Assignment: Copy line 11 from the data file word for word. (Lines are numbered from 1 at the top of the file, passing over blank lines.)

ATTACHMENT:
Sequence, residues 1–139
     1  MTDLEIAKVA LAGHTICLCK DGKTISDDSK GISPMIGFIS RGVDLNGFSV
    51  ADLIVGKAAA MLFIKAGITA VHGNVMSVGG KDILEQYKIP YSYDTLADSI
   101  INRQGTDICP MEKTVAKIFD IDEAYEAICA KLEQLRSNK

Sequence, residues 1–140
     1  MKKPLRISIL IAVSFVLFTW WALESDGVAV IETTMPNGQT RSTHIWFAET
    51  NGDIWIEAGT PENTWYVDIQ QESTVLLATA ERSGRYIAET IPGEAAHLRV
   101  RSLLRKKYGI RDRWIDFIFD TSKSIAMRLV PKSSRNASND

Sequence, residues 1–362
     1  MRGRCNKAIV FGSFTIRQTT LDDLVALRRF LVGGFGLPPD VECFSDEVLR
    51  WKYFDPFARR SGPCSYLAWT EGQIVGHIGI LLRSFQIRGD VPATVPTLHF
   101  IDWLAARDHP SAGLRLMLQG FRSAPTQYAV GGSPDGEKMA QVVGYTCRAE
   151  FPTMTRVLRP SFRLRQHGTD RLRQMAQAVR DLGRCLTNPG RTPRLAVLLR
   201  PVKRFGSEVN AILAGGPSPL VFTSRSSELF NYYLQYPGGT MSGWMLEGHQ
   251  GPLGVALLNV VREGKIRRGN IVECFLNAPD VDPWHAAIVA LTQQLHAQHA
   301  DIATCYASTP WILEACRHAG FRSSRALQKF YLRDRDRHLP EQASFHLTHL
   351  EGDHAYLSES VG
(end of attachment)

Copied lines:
    51  WKYFDPFARR SGPCSYLAWT EGQIVGHIGI LLRSFQIRGD VPATVPTLHF